Limnoria are small (up to 3-4 mm) but distinctive wood-boring marine isopods. The three species that have been recorded on British and Irish shores can be distinguished by the patterning of raised areas on the fifth pleonite and on the pleotelson, though these can be hard to discern.
The commonest and most widespread species, L. lignorum (the 'Gribble'), has a raised longitudinal 'carina' on the fifth pleonite and an inverted Y-shaped 'carina' in the middle of the pleotelson.
Distribution and Habitat
L. lignorum is found all around the shores of Britain and Ireland (Jones 1963), though it is least common in the south-west of Britain, where it is partly replaced by L. quadripunctata. It is found in wood pilings that are regularly submerged by the tide and in driftwood (when trapped, for example, in rockpools). The presence of Gribbles in wood is indicated by the characteristic pits and channels created by their boring.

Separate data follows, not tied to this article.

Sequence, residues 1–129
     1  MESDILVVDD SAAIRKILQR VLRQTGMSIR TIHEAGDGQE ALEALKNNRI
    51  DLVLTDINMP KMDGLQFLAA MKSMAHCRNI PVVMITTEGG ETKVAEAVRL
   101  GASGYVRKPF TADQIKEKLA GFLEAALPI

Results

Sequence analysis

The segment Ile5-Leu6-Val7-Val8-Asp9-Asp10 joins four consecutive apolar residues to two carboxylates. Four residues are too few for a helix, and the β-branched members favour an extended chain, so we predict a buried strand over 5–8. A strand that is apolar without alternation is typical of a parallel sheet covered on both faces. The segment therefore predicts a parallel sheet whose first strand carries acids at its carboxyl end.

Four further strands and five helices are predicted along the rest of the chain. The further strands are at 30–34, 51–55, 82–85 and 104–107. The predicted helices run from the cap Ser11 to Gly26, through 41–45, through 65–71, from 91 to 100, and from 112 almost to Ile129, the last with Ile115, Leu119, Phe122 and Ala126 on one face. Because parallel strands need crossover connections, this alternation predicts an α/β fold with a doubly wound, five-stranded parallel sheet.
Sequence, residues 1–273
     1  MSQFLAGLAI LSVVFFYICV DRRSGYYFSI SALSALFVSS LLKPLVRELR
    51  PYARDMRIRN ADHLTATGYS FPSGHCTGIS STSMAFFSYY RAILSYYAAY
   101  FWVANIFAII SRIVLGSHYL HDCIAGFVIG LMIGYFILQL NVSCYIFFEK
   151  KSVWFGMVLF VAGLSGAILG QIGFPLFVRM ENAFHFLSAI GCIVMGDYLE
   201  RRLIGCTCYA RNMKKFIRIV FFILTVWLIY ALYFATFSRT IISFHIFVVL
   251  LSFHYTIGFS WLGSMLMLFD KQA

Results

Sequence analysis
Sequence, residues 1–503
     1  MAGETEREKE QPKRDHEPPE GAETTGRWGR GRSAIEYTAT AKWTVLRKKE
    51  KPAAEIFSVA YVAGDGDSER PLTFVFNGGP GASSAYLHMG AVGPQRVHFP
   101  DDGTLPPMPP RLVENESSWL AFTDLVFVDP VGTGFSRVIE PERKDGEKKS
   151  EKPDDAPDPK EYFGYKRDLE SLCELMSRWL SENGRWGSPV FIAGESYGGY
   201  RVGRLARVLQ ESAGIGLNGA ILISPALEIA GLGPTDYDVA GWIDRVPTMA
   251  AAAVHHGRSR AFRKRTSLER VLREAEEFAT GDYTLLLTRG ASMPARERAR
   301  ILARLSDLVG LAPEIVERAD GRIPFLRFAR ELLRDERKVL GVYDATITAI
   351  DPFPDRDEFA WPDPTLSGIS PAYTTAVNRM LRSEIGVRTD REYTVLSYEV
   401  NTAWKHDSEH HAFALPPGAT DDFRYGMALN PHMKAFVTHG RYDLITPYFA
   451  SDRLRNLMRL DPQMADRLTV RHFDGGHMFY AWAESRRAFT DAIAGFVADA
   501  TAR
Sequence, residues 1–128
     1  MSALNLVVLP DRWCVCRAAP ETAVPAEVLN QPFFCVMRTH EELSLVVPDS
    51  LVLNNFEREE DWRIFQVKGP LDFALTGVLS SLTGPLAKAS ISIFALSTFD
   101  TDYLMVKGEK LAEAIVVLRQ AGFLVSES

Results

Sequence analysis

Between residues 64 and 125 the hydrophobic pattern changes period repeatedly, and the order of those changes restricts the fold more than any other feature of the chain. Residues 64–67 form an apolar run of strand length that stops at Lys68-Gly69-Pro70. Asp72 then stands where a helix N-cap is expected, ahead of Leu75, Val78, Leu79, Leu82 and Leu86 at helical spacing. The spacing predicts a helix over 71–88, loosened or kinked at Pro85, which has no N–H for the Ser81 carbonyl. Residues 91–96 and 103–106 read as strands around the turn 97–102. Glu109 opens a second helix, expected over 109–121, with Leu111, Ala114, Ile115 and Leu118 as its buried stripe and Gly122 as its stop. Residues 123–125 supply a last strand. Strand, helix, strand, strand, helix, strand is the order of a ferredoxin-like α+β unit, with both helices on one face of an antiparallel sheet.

Jones, L. 1963. The geographical and vertical distribution of British Limnoria [Crustacea: Isopoda]. Journal of the Marine Biological Association of the U.K., 43, 589-603.
Naylor, E. & A. Brandt. 2015. Intertidal Marine Isopods. Synopses of the British Fauna (New Series), No. 3. Field Studies Council, for The Linnean Society of London.